Last Updated: October 14, 2019, 5:15 pm

Yoga classes help students stress levels, academic performance

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A yoga class in the Human Performance Center stretch at the beginning of their class. Yoga reduces stress and negative effects in college students. Photo by Madison Anderson.


Maintaining success in college courses can be stressful for everyone, but Dixie State University offers a variety of yoga classes that will help students unwind and relax.

Included in the fitness, adventure, sport techniques catalog, DSU offers kundalini yoga, intermediate kundalini yoga, vinyasa yoga and yoga for athletic performance. These classes are all worth one credit and located in the new Human Performance Center on campus.

“I honestly believe that taking yoga saved me mentally last semester,”

Abby Smith, sophomore general studies major

DSU yoga instructor Jennifer Tholen said the benefits of Kundalini yoga are a sense of peace, greater love of self, and connection to one’s highest self-gained through a physical practice of yoga combined with meditation.

“I honestly believe that taking yoga saved me mentally last semester,” said Abby Smith, a sophomore general studies major from Ogden. “It was my favorite class where I just got to forget about all my stresses of work, school and even social stress with friends. I just lived in the moment, exercised my body in new ways and left the class with a better outlook on my day and life overall.”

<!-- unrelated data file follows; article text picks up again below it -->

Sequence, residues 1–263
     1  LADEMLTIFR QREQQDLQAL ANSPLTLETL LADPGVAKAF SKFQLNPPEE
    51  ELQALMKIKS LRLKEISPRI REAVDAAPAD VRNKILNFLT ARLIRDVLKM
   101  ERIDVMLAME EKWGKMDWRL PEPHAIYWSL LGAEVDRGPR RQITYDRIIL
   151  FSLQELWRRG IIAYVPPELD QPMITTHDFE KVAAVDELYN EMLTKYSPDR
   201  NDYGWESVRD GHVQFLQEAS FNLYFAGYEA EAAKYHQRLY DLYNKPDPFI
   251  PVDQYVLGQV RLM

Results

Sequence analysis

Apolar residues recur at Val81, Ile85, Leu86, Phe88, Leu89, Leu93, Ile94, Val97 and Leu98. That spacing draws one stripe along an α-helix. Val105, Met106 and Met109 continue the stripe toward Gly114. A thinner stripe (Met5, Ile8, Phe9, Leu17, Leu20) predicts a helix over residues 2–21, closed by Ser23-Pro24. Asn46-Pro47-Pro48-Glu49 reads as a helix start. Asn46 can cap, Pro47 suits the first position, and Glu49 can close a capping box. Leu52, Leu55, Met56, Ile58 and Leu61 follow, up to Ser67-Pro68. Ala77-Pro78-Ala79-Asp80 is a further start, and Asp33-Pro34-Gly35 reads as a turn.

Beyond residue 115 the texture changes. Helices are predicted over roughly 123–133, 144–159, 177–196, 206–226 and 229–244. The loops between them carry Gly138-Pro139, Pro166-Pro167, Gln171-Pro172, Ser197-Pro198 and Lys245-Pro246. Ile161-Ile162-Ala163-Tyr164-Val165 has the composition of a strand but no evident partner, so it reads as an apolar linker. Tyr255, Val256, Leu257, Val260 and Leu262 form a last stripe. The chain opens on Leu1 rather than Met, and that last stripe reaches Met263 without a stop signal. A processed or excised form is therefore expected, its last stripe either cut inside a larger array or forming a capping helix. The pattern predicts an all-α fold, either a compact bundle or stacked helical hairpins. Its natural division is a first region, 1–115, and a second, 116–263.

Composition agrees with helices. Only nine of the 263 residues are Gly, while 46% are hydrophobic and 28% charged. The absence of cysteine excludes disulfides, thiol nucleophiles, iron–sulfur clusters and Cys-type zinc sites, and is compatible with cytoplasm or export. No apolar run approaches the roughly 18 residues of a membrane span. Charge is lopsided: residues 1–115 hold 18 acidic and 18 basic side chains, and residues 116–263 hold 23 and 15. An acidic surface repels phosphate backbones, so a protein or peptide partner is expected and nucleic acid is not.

Smith said she still tries to meditate when she is feeling overwhelmed and it never fails to destress her.

Tholen has taught yoga for 20 years and said a weekly yoga routine can help students find peace throughout the week.

“A weekly yoga class can become a place of peace where the student learns for a period of time to focus on their body, breathe and being present in the moment,” Tholen said. “Through this process, they can then develop a greater sense of calm and peace that will help them to engage more completely with the rest of their life. University life can be challenging and stressful; a weekly yoga class can be a space of relaxation.”

According to the Journal of Education and Health Promotion: “Yogic practices play an important role in enhancing emotional sensitivity, sustained attention, mental performance, and balance personality trait among students, thus paving the way for their academic excellence. Yoga also reduces perceived stress and negative effects in college students thereby improving psychological well-being in them.”

Mika Knowlton, a sophomore nursing major from Taylorsville, is taking two yoga classes this semester: kundalini and vinyasa.

“I’ve really noticed that they help me stay positive about my daily routine,” Knowlton said. “I always know that I am going to get so much out of each class. I only know of kundalini and vinyasa, but I definitely prefer kundalini. It’s very calming and nurturing on your body, while vinyasa is pretty much a workout.”

Knowlton said the class is purely attendance and students who don’t attend every class get a final at the end.

Tholen said: “Vinyasa yoga is beneficial in that it creates a greater sense of physical balance in the body through a physical practice of strengthening and stretching combined with breath.  Vinyasa yoga is designed to bring the participants to a state of being present by going to a physically comfortably uncomfortable place.”

Every yoga class offered this semester meets once a week and runs for an hour and 40 minutes. It is recommended that students bring their own yoga mat to class since they get sweaty; however, mats can be provided for students if needed.

Kundalini yoga, intermediate kundalini yoga and vinyasa yoga classes will be offered again in the spring.

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